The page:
Contreras three-hits Tigers in opener
Thome, Pierzynski homer as White Sox cut into deficit
CHICAGO -- On a night when many of the 39,378 in attendance at U.S. Cellular Field paid homage to Elvis Presley, Jose Contreras emerged as Friday's king for the White Sox during their 5-0 shellacking of Detroit.
The big right-hander hurled his first Major League shutout against a lineup for the best team in the Majors that really didn't have a chance during this particular contest. Contreras had his slider, fastball and devastating split-finger all working in the series opener of this crucial three-game set, holding the Tigers hitless until Curtis Granderson's two-out double in the sixth.
Contreras struck out five and walked just one, throwing a mere 101 pitches to finish off the three-hitter. And it was a momentous victory for far greater reasons than simply Contreras' first complete-game zip job in the United States.
Ozzie Guillen's bullpen got the night off, after being thoroughly taxed during the first four games of this 11-game homestand against the Angels and Yankees. Contreras also set the perfect tone for the White Sox (68-46) in their chase of the Tigers (76-39), with the lead in the American League Central shrinking 2 1/2 games since Monday, and the South Siders sitting 7 1/2 games back with two more head-to-head games this weekend.
Strong appreciation for Contreras' effort came from Guillen and players among the White Sox offense, who were given a chance to attack Detroit's rookie sensation Justin Verlander (14-5) through Contreras' crisp mound effort. Even the vanquished opponents from this evening tipped their collective caps to the White Sox ace.
"He was real good, there's no question about that," Detroit manager Jim Leyland said. "I'm sure they've seen him better, but I thought he was about as good as I've seen him."
"If you don't take advantage of some of the pitches [Contreras] throws over the plate, you're not going to beat him," added Detroit third baseman Brandon Inge. "We didn't do that tonight. He wasn't missing any spots, bottom line. He threw every pitch right where you couldn't really do much with it."
Most of the American League hasn't been able to do much with Verlander, who carried a seven-game winning streak and 2.04 ERA over that stretch into Friday's start. But the White Sox clearly have the rookie's number, knocking out 13 hits in five innings against Verlander, who was making his first start in 10 days.
Verlander now has a 0-3 record with an 8.10 ERA against the White Sox, giving up 27 hits over 13 2/3 innings. He is 14-2 with a 2.20 ERA when facing the rest of baseball, yielding 105 hits in 126 2/3 innings. The key on Friday was patience, driving Verlander's pitch count to 98 when he exited.
"That's not him," said Guillen of Verlander's high pitch count. "We've been patient with him. This kid is aggressive. He's a power pitcher, but he was kind of wild today and we took advantage of it."
A.J. Pierzynski took the drubbing of Verlander one step further for his team.
"He's probably the Rookie of the Year in the American League, with the way he's pitched and the quality starts and outings he's getting himself," the White Sox catcher said. "To go out and beat him is huge. It sends a statement for this series that we're here and we're not going anywhere."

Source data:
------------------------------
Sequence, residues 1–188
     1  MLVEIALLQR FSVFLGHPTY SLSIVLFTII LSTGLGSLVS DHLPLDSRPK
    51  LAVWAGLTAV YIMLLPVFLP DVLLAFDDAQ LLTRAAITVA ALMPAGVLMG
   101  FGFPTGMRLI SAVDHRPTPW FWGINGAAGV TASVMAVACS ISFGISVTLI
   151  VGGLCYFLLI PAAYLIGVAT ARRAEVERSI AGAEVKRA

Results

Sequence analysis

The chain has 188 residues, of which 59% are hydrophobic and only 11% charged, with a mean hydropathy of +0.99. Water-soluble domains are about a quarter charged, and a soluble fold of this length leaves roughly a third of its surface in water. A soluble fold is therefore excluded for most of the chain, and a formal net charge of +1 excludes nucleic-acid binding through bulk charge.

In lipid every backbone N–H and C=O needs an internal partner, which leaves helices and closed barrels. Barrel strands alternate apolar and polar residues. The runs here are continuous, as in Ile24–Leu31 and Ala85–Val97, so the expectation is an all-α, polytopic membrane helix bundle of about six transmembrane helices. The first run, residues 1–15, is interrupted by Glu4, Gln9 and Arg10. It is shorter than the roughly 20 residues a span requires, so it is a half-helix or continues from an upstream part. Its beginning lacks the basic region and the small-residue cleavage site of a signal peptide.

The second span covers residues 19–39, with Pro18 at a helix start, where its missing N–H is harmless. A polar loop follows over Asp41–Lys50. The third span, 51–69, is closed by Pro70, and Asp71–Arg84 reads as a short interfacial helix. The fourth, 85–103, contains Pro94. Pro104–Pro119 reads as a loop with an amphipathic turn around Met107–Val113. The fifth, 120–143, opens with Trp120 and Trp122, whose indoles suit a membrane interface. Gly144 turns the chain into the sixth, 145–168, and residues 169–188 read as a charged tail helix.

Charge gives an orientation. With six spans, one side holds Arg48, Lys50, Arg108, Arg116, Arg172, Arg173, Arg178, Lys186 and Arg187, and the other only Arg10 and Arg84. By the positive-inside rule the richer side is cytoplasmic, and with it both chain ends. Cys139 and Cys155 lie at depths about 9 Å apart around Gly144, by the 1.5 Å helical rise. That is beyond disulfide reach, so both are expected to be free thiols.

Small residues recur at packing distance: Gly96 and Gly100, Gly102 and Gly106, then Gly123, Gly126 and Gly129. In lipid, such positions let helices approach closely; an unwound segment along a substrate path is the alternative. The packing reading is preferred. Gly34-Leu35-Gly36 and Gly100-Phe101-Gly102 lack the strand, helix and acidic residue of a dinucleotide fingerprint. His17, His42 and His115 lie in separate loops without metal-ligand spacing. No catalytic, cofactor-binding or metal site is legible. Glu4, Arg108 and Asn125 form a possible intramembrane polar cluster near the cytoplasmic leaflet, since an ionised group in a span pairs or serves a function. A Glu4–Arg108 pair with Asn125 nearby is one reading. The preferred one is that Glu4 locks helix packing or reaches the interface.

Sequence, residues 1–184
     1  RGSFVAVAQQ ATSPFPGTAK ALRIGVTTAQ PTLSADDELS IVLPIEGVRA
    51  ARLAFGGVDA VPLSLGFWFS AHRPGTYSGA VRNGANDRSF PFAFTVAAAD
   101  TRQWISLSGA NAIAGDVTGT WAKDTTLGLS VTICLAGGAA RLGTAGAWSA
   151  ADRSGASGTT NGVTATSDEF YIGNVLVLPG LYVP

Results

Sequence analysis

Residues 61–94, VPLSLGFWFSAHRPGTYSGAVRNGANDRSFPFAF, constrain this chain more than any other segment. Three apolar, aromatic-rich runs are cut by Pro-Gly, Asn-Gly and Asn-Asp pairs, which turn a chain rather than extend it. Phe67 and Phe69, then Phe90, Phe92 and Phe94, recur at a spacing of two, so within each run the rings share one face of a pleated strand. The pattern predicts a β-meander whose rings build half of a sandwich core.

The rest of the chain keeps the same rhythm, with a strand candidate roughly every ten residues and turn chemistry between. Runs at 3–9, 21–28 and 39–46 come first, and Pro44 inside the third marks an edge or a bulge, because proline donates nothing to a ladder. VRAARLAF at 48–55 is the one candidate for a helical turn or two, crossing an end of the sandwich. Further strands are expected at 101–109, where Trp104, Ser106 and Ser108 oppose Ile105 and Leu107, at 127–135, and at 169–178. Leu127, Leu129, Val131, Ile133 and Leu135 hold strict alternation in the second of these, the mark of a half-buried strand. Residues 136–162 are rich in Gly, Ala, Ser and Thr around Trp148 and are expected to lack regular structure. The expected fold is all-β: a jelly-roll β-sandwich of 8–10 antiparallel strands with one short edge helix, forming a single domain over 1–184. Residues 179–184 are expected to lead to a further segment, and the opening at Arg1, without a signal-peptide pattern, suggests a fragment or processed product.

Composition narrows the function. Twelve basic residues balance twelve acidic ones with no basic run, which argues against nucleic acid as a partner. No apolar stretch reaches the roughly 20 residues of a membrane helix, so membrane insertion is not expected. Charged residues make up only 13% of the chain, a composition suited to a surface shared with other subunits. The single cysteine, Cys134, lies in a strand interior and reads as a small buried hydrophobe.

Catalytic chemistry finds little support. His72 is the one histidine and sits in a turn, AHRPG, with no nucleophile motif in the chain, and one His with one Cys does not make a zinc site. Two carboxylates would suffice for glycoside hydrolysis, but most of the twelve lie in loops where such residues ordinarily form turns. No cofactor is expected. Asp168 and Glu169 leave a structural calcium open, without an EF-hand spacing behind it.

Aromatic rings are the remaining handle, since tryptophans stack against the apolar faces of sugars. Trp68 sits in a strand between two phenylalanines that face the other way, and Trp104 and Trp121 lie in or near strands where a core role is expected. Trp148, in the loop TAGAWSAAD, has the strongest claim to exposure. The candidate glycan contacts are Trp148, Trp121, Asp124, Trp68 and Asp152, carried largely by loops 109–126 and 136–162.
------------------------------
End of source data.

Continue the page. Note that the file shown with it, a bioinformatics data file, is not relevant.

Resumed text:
Scott Podsednik, who was one of six White Sox starters with at least two hits, scored his team's first run in the third after leading off with a single and moving to third on Verlander's wild pickoff throw. But the White Sox gave Contreras a little room to work in the fifth, scoring four times via the long ball.
Jim Thome connected on a two-run shot, raising his total to 35 for the season, and establishing a club record for single-season home runs by a left-handed hitter. Robin Ventura previously held the mark at 34 in 1996. Pierzynski followed with a two-run blast three batters later, also scoring Jermaine Dye for a 5-0 advantage.
"Our approach was pretty good," Thome said. "We were fortunate he left some balls in the zone and we capitalized. You want to eliminate him getting into a groove and getting rolling, because he has very good stuff."
In reality, the one unearned run scored by Podsednik would have been enough for Contreras on this special night. He improved to 2-1 with a 1.45 ERA over four outings against the Tigers this season and has now won four of his last five starts against Detroit.
When Contreras (11-4) was asked for a rough total of shutouts he threw during his storied career in Cuba, he smiled and answered through translator Ozzie Guillen Jr., "I had a lot in Cuba."It would be hard to find a more important regular-season game pitched by Contreras, though, since he came to the White Sox.
"It was a huge game," Contreras said. "I was going up against the best team in the league and their best pitcher, who is right now one of the best pitchers in the game. I've prepared myself mentally and physically the last five days for the battle.
"I was keeping my pitches low and my legs were really, really strong. I knew if I could hit my spots, I would have a good night."
Make that, the White Sox would have a good night, as they moved 1 1/2 games ahead of Minnesota in the AL Wild Card race, and stayed two up on Boston. But their focus remains on Detroit and the Central title.
Even though Contreras, Friday's king, has left the building for this series, the White Sox are hoping Mark Buehrle and Freddy Garcia fall in line on Saturday and Sunday.
"We did it before," said Guillen of the domino effect with his starters. "We got Contreras out there to throw a tremendous game and everyone started throwing better and followed in step."
Scott Merkin is a reporter for MLB.com. This story was not subject to the approval of Major League Baseball or its clubs.